Having kids does not mean you can’t have dogs. It does mean you have to understand how to best make introductions, oversee interactions and make all family members feel special and safe.
Kelly Culver-Mattiuz, a SHUG supporter and foster mom, knows this all too well – having four children under the age of 13 and, ahem, quite a few dogs.
So we asked her for her tips on making it work:
Let me start from the beginning. I started off with my parenting life with two dachshunds and a baby on the way. I wasn’t sure how I was going to prepare myself and the dogs for a newborn. After all, I was going to be a first time mom and only had my dogs for two years. What if they did not like the baby? What if they hurt the baby? Would they be jealous?
I did not have time to just sit and find out. I enrolled both dogs in obedience classes. We learned a lot. The most important thing they learned was "place" or "crate" . . . to go to their place (which was their dog bed) and go to their crate. As months went on I set up the nursery, let the dogs in the nursery as I worked and washed and got things ready for my daughter. I played baby crying sounds, I left the car seat out on the sofa and would carry it around as if it contained a baby.
Then came the birth of my daughter. I sent home the hospital blanket with my daughter’s smell on it and had my husband let the dogs smell it. When I came home with the baby, I brought her inside and held her in my arms so they could see her. By then, they didn’t care at all. I went forward through the months allowing my daughter to see the dogs and the dogs to see my daughter. I would take her baby hand and pet the dogs and say "nice doggie" and praise the dogs for being so good.
Of course the baby stage is short and soon I had a toddler walking around, picking up dog food and trying to lick out of the water dish. That means time for obedience school for the toddler. Same concept as the dogs, reward for the correct behavior (usually clapping and saying good girl, maybe a cookie). For bad behaviors – yeah, like licking out of the water dish -- it was NO in a firm voice and then redirecting.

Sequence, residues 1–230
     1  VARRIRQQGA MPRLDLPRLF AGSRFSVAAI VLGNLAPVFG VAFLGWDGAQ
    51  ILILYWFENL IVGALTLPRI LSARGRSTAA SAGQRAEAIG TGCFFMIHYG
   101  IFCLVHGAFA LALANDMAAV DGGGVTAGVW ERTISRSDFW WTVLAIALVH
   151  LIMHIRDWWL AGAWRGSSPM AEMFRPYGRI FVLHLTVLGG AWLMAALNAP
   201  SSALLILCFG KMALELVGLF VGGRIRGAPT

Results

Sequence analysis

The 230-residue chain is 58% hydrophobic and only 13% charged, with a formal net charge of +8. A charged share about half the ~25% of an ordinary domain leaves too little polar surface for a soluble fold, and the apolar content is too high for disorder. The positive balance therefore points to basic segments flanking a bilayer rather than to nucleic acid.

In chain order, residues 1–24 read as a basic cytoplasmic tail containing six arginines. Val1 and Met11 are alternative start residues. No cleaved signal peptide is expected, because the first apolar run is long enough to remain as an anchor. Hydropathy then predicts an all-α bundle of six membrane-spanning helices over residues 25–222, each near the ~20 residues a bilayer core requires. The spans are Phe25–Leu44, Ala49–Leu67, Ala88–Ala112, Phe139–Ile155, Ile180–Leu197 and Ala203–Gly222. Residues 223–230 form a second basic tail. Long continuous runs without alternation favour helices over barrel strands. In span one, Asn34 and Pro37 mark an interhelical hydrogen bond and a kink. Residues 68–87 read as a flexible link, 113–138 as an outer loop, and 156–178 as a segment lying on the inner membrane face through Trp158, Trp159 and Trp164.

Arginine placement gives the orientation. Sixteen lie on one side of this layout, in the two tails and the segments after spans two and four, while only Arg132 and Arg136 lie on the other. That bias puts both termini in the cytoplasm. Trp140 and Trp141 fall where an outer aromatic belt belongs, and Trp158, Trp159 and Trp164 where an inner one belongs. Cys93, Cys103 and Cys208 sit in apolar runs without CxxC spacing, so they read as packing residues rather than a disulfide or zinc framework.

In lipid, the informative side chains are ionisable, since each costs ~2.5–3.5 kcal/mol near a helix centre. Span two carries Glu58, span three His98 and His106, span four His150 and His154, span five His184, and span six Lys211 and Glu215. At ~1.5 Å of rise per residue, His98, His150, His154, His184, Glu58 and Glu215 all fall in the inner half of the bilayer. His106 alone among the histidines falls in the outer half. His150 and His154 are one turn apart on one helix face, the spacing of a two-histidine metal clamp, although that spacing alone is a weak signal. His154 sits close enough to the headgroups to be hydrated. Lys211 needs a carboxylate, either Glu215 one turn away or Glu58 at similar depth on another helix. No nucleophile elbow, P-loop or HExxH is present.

Truly dogs and kids are so much alike when it comes to training. So if you can train your dog, your child is just as easy. I taught my daughter how to feed the dogs by age 2. She helped hold the leash on walks and helped with every day care of our dogs. Then came daughters #2, #3 and #4, along with additional dogs.
Over time, I have learned to relax. I’ve learned sometimes you just have to order that pizza! I have learned that routine is important. I have learned that rules and breed knowledge is important to teach the older children. One of the easiest parts is figuring out what I expect to take place and learning how to ask for help and give direction. Older children have the poop duty chore!! Younger children help feed, let dogs in and out to potty, and of course everyone helps with entertainment! The dogs in return teach responsibility and compassion to my children.
In my house we have the strict rules to not disturb a sleeping dog. Do not run around dogs. If you want your items safe from puppy teeth put them up and close your bedroom door. Allow the dogs and the kids to have their safe area away from each other. Crates are a wonderful tool; my dogs all have their own crate and can go there at any time to just get away. My daughters have their bedrooms
We have had those crazy moments when a glass of wine and a hot soak in a quiet bathroom is a must. Take for instance an emergency trip to the vet for broken toes on a 4-month-old borzoi, children missing the school bus home, last minute homework projects and a bout of diarrhea from a paralyzed dog all within 30 minutes of each other.
But those crazy times aside, kids and dogs can work well together!
One thought on “Kids and Dogs – Making it Work”
LOL – I love your comment that training children and dogs isn’t really that different. I used to teach kindergarten. At the time, I did not have children but did have a dog. When parents would ask me parenting advice, I always started with, “well, what I do with my dog is…”